This will be a very brief reflection on the film. I'd like to write more but am spread quite thin this week. In the interest of keeping the momentum of my blogs going, I write this short entrant into the ongoing filmic series Man on Film. You can feel free to picture me as Damon Wayans while you read this...
Waltz with Bashir was visually compelling and stimulating. The animation was so engrossing that numerous times throughout the film it would occur to me that I had completely neglected to read the dialogue for at least the 30 seconds before the realization.
The film is an Israeli soldier's recounting of his quest to recover his memories of the first Lebanon War and the atrocities of the massacres in West Beirut. Told via animation, it is still the animation of the writer/director/star so it is still a quasi-documentary--an odd combination to be sure. The animation is great. The quest to recover the lost memories is for the most part interesting, especially as the puzzle of what actually happened in the war comes into picture more clearly.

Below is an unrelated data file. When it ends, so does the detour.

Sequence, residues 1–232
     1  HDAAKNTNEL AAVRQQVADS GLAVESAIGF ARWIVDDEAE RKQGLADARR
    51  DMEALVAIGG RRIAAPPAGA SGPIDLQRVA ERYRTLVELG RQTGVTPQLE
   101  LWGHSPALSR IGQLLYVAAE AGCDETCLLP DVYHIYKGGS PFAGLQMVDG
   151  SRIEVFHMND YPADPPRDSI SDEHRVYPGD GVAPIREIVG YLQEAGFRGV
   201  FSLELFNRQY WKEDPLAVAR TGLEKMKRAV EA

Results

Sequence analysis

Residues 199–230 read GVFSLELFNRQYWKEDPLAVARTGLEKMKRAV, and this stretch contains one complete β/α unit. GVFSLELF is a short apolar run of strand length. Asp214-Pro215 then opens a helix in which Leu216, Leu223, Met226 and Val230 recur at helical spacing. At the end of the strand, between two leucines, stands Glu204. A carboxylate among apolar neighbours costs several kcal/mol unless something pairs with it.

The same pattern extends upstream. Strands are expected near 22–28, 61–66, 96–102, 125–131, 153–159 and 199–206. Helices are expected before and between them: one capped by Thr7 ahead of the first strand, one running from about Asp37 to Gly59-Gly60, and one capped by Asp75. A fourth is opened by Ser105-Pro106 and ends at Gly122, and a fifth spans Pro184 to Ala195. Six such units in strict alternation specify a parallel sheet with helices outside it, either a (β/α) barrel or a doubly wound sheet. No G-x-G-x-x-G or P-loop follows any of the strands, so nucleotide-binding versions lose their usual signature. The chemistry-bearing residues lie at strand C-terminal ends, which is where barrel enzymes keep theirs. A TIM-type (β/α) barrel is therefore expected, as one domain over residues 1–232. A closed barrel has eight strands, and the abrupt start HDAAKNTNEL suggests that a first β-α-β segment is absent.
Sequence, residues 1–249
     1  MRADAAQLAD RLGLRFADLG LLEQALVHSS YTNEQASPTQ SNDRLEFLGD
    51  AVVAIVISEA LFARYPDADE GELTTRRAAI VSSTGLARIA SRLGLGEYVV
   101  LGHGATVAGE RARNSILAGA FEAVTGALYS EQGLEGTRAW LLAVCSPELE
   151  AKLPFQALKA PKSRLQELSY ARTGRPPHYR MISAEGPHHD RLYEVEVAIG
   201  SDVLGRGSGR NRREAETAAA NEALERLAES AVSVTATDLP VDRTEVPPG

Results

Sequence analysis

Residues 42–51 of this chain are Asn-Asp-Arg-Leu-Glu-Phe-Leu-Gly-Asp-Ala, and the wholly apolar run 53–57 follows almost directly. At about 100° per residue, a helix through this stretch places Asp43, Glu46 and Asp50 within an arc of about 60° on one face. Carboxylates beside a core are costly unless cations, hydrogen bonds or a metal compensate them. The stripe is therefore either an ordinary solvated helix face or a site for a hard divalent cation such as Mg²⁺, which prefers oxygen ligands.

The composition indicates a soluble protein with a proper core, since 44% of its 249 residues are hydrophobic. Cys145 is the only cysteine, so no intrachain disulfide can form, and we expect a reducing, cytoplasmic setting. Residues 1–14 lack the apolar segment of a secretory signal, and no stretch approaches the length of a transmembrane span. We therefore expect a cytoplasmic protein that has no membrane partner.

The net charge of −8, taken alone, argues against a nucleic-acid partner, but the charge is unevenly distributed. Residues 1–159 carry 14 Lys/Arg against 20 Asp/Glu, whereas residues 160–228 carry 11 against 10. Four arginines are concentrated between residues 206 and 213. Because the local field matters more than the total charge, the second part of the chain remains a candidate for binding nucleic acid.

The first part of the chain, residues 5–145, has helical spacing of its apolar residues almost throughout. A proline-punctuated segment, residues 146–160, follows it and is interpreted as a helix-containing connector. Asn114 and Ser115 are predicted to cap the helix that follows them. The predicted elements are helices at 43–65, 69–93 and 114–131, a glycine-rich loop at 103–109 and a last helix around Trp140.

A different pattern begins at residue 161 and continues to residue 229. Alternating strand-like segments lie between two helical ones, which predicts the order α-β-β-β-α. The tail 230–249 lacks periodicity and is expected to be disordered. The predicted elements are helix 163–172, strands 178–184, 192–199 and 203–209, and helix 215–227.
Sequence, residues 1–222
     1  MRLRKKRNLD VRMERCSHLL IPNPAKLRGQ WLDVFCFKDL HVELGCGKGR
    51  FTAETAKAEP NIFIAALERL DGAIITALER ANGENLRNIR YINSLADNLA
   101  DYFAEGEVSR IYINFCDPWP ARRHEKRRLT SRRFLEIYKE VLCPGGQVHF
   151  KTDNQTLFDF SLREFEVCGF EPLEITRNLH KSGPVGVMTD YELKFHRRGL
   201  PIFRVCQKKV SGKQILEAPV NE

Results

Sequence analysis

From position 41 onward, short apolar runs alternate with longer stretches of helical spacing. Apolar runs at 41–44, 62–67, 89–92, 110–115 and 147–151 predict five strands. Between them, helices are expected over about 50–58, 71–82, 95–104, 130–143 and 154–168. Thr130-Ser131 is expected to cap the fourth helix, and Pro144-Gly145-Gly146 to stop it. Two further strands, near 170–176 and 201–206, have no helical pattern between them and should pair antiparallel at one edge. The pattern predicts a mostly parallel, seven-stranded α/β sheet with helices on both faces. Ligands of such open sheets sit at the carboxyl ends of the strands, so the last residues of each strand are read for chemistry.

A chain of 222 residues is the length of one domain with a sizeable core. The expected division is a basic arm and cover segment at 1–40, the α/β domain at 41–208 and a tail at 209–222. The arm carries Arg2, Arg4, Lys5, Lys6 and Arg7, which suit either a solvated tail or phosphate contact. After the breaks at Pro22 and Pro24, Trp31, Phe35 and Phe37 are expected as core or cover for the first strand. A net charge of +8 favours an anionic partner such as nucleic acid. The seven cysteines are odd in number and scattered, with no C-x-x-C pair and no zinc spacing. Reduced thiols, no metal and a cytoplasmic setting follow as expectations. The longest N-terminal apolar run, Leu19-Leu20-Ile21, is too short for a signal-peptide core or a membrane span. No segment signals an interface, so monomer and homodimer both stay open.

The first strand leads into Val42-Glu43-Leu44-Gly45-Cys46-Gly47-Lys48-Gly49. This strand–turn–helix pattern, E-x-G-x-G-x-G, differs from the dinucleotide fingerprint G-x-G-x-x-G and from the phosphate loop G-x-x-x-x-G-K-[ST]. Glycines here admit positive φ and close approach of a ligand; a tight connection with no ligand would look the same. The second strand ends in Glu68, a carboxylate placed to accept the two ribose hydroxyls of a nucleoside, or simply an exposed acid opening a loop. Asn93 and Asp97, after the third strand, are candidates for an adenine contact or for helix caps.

Perhaps the aspect of the film that stands out the most is the Max Richter score which at times propels the film forward with its own momentum. His work with Ari Forman on this film certainly piques my interest insofar as Richter's solo work is concerned.
Even if the music for the film borders on scene-stealing, the film is still moving. If you are not moved to revulsion as the archived news footage is introduced at the film's conclusion, you are without a soul. In that moment, the film succeeds in levelling the audience with deft ferocity.
Here is the trailer: